Did the stimulus checks do any good? Not in July. According to a report from Thomas Reuters, 65 percent of retailers missed their July sales estimates. The last of the more than $100 billion dollars worth of stimulus checks went out in the middle of July, but the majority had already been sent in the previous two months. Wal-Mart was one of the retailers that missed estimates. The company had projected a 3.4 percent sales increase, but only saw 3 percent.
Non-compete clauses may not be as restrictive as they once were in California. Jesse Russell reports:
On Wednesday the California Supreme Court ruled that employers can’t limit the right of former employees to work for competition. The court ruled that “non-compete” clauses conflict with the rights of “employee mobility” and “open competition.” In the unanimous decision, one justice wrote the “an employer cannot by contract restrain a former employee from engaging in his or her profession, trade, or business.”
U.S. Postal workers have reason to be proud as the Postal Service announced on Wednesday a nearly perfect service record during the third quarter of 2008. On-time overnight delivery rates reached 97 percent, the highest score ever achieved by the government organization. Two-day service had a 95-percent on-time rate, and three-day service was on-time 94 percent. The United States Post Office was established in 1776 by Benjamin Franklin.
By Doug Cunningham
Thanks to a successor clause negotiated by the United Steel Workers there won’t be any job losses or changes in employment terms for workers at Weyerhaeuser. The union managed to protect workers in the sale of Weyerhaeuser to International Paper. The contract, wages, pensions and benefits were all simply transferred to the new owner. Workers also retained their seniority rights.
By Doug Cunningham
A new bill in Congress would guarantee federally funded health care for 9/11 first responders, clean-up workers, residents and students in the area of the attack. Robert Spencer is with The World trade Center Community-Labor Coalition.
[Spencer]: “We have a situation where it’s sort of a national disgrace that the federal government has yet to make a firm, ongoing sort of commitment to the long-term health needs of those injured by 9/11. And so it’s really past due for Congress and the Bush administration to do the right thing here.”
The bill would create “Centers of Excellence” to centralize health data and offer ongoing treatment. The bill would also re-open a compensation fund for 9/11 victims. Spencer says New York’s congressional delegation and other sponsors of the bill are committed to getting this passed.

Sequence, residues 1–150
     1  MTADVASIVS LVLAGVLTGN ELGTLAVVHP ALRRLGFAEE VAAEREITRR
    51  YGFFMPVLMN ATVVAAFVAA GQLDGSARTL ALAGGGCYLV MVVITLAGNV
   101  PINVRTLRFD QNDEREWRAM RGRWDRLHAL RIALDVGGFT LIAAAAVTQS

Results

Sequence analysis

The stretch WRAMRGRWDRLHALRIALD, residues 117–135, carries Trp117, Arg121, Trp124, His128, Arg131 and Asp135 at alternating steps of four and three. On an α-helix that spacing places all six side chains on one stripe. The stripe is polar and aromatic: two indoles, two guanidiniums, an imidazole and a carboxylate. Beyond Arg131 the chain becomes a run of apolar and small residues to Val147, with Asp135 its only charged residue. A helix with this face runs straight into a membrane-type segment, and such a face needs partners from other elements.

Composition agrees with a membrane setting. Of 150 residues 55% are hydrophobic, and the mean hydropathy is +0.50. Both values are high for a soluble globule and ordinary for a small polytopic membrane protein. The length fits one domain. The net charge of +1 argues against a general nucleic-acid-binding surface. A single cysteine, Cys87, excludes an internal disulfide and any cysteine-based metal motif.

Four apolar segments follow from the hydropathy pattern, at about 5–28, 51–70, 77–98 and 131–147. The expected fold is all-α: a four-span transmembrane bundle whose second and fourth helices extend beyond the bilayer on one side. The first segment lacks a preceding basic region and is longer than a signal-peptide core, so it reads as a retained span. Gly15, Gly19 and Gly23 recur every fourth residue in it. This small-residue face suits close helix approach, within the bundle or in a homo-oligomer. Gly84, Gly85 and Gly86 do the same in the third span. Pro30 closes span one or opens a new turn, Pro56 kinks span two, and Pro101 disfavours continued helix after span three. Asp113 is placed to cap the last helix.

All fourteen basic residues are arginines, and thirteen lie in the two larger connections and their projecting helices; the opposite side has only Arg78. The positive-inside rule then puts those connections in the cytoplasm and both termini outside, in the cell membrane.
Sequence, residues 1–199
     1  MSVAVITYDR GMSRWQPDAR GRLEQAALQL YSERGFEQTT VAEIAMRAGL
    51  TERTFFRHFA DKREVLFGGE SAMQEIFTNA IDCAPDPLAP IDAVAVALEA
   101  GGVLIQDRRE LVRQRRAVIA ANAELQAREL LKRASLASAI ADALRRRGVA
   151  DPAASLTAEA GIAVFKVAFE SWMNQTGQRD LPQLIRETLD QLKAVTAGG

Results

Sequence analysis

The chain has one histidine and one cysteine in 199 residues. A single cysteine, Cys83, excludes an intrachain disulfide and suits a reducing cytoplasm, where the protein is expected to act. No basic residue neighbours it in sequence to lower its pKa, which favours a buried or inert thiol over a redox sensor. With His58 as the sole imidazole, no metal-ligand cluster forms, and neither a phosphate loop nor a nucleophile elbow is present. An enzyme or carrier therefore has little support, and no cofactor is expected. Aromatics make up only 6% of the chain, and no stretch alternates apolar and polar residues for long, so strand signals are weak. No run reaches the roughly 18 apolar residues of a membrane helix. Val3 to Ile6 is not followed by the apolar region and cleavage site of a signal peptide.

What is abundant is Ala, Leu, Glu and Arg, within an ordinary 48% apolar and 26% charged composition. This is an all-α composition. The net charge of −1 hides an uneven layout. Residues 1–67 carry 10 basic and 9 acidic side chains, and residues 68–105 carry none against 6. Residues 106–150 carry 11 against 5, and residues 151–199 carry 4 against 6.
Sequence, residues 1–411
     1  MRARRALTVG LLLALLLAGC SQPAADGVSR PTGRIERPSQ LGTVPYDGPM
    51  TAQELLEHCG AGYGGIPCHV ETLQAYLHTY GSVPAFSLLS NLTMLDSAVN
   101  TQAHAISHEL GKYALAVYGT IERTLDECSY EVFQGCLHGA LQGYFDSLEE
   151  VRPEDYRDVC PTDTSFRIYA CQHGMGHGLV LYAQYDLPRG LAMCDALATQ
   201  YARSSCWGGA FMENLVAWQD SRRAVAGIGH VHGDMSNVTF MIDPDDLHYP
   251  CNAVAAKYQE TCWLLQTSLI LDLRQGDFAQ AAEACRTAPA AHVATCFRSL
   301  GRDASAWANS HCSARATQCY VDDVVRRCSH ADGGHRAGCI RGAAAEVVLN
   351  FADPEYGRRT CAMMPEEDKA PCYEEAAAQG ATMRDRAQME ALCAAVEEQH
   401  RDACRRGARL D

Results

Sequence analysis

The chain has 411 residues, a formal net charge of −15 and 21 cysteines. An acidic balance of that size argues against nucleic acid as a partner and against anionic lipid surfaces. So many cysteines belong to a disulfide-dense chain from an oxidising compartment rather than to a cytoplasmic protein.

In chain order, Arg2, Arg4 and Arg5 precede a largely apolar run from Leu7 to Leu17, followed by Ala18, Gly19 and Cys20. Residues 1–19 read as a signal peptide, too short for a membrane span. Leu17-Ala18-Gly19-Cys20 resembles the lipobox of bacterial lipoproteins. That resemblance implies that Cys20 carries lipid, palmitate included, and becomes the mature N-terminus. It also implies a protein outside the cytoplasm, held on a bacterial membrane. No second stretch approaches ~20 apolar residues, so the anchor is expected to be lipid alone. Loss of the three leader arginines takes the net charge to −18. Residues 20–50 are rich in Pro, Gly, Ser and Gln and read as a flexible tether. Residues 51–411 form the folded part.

In southwestern Ohio, working families are nervous about the likely loss of 8,000 jobs if a major shipping company stops using the Wilmington airport as a hub.
The pattern is familiar, but the pain isn’t abstract for Ohio families. The potential job loss is the result of a chain of events driven by corporate greed—and back-room lobbying deals supported by Sen. John McCain.
DHL was purchased by the German company Deutsche Post in 2002, and within a year the company merged with Airborne Express, a delivery company based in Wilmington. Now, DHL has announced plans to stop using the airport and outsource all deliveries elsewhere. This would devastate the economy of the small town of Wilmington, leaving more than 8,000 people out of work.
Great economic news out this week—if you’re an excessively paid CEO. Seems some corporations are “quietly converting their pension plans into resources to finance their executives’ retirement benefits and pay.” This from The Wall Street Journal (subscription required):
In recent years, companies from Intel Corp. to CenturyTel Inc. collectively have moved hundreds of millions of dollars of obligations for executive benefits into rank-and-file pension plans. This lets companies capture tax breaks intended for pensions of regular workers and use them to pay for executives’ supplemental benefits and compensation.
In 2000 and 2004, the vote for president in Wisconsin and New Mexico were decided by less than 1 percent of the vote—the narrowest gaps of any state. Both also are hosting important races for Congress.
Through the AFL-CIO Labor 2008 program, the union movement’s largest political mobilization in history, union members in these two states are working hard to make sure that union voters know the fact about Sen. Barack Obama and his plans to improve the economy and fight for working families.
California Gov. Arnold Schwarzenegger’s (R) order last week to cut the pay of 200,000 state workers to the federal minimum wage of $6.65 an hour is “just wrong,” state Controller John Chiang told a state Senate hearing earlier this week. The pay-cut executive order
is based on faulty legal and factual premises….and it is just wrong….I will continue to refuse to slash the salaries of the dedicated civil servants who keep our state running.